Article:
Identity and its documentation – the story of my search for Swedish citizenship and my passport’s peregrinations
In the weeks after the British referendum on 23rd June, verbal and physical attacks on European Union citizens living and working in Britain were coupled to the question of what would happen to British citizens living in the EU. There was a nasty feeling that my fate was suddenly being played around with by people over whom I have no control and for whom I have no respect.
It was time, finally, to get my finger out and apply for Swedish citizenship.
Submitting the application
One of the requirements for seeking Swedish citizenship is to submit the identity documents that you have from your home country in the original. To be sure they stay safe and reach their destination, this means using registered post. Not a problem, though the authority – Migrationsverket, the Swedish Migration Agency, based in Norrköping – took their time acknowledging receipt. Eventually, however, I got a letter from them to say they’d received my application and my British passport.
The Migration Agency also pointed me to their website. After I’d set up an account and identified myself electronically, I got access to “my Migration Agency web page”. There they promised I would be able to follow the course of my application. The first time I logged in it was a small thrill to see that my application was being processed.
Just a formality?
It wasn’t until after I had sent off my passport that I actually realised how long the processing time would be. In my naivety I’d assumed that – for me – applying for Swedish citizenship would be pretty much a formality. After all, I’ve lived in Sweden for close on 30 years. I’ve had permanent residence for the last 20. Why would it take them much time to decide favourably?
The mills of bureaucracy grind exceeding fine, exceeding slow. Also, to be fair, the Migration Agency is under considerable pressure coping with staff shortages, the influx of refugees from Syria and elsewhere, and threats against their buildings and personnel. Not to mention Brexit, which has seen the numbers of British people applying for Swedish citizenship rise steeply.
No one jumps the queue
When I was on the Migration Agency’s website to download the application forms, I saw that the expected time for processing a citizenship application was four months. That seemed a lot and I rather thought that it would only take them about a month to deal with me. So, after a month I phoned them. They were very clear – no one jumps the queue and everyone is processed in due order.
So there we were – my passport in Norrköping for the next few months and me in Gothenburg or Brussels.
That didn’t seem to be a problem. I’ve noticed how easy it is to travel between Belgium and Sweden without showing your passport. This is because both countries are members of the Schengen area within the European Union. In fact I have more than once travelled back and forth between the two without showing any sort of identity document.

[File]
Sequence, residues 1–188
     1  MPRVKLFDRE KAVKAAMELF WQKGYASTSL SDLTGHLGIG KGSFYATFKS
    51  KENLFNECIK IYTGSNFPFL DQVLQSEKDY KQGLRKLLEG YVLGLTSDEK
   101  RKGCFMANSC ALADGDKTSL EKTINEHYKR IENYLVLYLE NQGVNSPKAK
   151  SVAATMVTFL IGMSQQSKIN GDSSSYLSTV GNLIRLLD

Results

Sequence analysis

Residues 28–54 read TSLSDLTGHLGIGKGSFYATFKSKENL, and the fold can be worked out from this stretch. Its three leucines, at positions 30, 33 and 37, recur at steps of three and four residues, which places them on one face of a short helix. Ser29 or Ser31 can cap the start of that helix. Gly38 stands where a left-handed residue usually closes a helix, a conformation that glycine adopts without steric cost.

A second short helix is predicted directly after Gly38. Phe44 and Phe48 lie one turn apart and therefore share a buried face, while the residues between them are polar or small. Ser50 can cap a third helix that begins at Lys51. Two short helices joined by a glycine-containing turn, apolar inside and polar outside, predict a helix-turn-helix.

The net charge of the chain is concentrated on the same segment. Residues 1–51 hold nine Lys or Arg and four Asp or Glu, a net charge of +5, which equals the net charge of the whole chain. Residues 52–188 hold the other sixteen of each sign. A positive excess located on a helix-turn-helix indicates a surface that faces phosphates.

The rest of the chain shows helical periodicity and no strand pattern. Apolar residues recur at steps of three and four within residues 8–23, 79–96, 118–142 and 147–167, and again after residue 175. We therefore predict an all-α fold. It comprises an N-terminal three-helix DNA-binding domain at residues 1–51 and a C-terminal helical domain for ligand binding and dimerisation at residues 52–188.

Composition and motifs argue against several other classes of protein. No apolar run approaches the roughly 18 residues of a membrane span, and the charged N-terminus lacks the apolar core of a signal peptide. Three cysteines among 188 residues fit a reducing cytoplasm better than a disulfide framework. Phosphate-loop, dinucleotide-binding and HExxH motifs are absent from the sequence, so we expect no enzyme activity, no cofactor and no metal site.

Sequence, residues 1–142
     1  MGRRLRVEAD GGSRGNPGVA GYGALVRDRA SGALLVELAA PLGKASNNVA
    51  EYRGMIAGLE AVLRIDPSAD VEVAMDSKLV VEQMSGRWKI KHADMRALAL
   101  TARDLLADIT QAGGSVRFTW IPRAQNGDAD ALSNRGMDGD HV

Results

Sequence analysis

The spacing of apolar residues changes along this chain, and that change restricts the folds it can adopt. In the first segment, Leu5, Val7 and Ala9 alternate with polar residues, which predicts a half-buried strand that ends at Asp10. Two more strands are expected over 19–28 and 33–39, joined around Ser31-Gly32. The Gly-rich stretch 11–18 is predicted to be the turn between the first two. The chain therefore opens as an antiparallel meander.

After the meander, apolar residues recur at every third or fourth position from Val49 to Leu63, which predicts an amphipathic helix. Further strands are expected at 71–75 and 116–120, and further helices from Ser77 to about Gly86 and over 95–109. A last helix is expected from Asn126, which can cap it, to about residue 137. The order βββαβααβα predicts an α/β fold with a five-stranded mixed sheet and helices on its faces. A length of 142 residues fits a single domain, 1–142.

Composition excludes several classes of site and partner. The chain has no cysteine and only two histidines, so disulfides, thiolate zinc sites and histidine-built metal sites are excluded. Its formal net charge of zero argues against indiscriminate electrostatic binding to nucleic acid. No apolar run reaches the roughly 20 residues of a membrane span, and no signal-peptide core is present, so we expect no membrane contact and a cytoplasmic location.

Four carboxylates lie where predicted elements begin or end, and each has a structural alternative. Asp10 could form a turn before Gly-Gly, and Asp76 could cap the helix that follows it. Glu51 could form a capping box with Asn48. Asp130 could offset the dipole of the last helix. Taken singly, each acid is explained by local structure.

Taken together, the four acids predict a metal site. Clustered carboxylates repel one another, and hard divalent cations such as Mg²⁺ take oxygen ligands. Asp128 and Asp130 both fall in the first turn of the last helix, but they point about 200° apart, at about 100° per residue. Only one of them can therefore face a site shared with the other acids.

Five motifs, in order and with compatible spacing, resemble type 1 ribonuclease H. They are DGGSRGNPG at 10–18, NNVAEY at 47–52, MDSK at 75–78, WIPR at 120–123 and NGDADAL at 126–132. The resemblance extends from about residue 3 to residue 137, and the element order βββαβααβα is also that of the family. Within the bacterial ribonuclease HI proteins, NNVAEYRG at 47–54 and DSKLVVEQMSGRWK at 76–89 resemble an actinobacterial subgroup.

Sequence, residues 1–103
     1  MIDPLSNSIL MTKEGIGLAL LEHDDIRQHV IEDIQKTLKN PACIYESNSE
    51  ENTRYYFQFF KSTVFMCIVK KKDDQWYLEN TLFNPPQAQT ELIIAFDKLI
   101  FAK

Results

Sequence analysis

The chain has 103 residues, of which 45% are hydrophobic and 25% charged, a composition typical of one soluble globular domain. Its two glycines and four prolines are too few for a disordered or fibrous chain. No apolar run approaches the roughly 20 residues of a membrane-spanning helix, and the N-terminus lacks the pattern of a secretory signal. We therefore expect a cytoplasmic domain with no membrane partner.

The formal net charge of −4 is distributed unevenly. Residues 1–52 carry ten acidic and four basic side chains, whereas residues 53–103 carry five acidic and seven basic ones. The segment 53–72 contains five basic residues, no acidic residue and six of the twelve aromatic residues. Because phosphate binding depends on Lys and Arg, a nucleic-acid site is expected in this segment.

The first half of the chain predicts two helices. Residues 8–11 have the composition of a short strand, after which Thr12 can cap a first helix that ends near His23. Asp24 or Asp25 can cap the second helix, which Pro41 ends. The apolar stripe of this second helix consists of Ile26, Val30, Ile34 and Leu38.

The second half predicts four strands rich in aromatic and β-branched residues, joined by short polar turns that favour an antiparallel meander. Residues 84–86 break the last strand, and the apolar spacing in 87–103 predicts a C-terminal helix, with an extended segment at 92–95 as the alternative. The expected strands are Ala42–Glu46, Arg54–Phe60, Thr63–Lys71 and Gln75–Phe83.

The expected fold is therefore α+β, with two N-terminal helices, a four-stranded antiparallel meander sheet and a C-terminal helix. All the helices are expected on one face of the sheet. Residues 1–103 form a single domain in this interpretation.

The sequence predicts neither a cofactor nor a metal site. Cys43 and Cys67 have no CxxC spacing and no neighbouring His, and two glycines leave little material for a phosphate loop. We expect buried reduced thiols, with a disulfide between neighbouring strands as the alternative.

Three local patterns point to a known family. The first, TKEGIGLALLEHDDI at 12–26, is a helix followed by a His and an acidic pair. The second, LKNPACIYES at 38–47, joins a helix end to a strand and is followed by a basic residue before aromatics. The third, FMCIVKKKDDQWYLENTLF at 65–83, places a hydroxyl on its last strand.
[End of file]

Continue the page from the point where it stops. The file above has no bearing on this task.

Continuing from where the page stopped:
Not a valid travel document
At the end of July, Mrs SC and I travelled to Denmark. Crossing from Helsingborg in Sweden to Helsingør in Denmark was easy. The reverse journey was less so.
Because of the influx of refugees and migrants finding their way to Sweden (which – to be fair – had initially opened its borders to people fleeing the civil war in Syria), special immigration procedures had been imposed at Helsingborg.
The border police didn’t like my Swedish identity card. My card was issued by the tax authorities, not by the police. It doesn’t include my nationality, so it’s not a valid Schengen travel document.
My Schengen identity
The chap who stopped me was very reasonable, and after checking me in his database, he accepted that I was probably not an illegal migrant or a potential terrorist (the beard not withstanding). But he warned me that I would need to carry a valid Schengen identity card in the future.
Of course, as soon as we got home there was a mad scramble to find our Belgian identity cards (which we’d brought with us but tucked away somewhere safe) just to check. And a collective sigh of relief when we confirmed what we really knew all along: that our Belgian ID cards are indeed fully fledged national identity cards.
About a month later I flew back from Gothenburg to Brussels. I won’t say that I was completely relaxed, but I wasn’t very nervous. After all, I had my Belgian identity card; I was flying within Schengen. Everything ought to go smoothly. Still, I was also conscious Murphy’s Law is always hanging like the sword of Damocles over one’s head.
And of course it dropped.
It may have been because somebody on board the aeroplane was taken ill and needed medical attention, but in Brussels the plane taxied to a different arrivals gate than usual. Leaving the plane and coming to passport control I flashed my Belgian identity card. The inspector looked at me like I was trying to pull a fast one.
Where is your passport?
An international arrival
I explained that I didn’t need it because I was flying within Schengen.
But this is the international arrivals gate, came the reply. You must have come from outside the EU.
No! Gothenburg– My plane flew– I came directly from– I’ve not been outside the EU!
The inspector listened stoically to my protests. He’d heard it all before.
Please! Just check!
With a look of great suspicion he made a couple of telephone calls. Finally he confirmed that indeed my plane had flown directly from Gothenburg even though it had disembarked all its passengers at the international exit.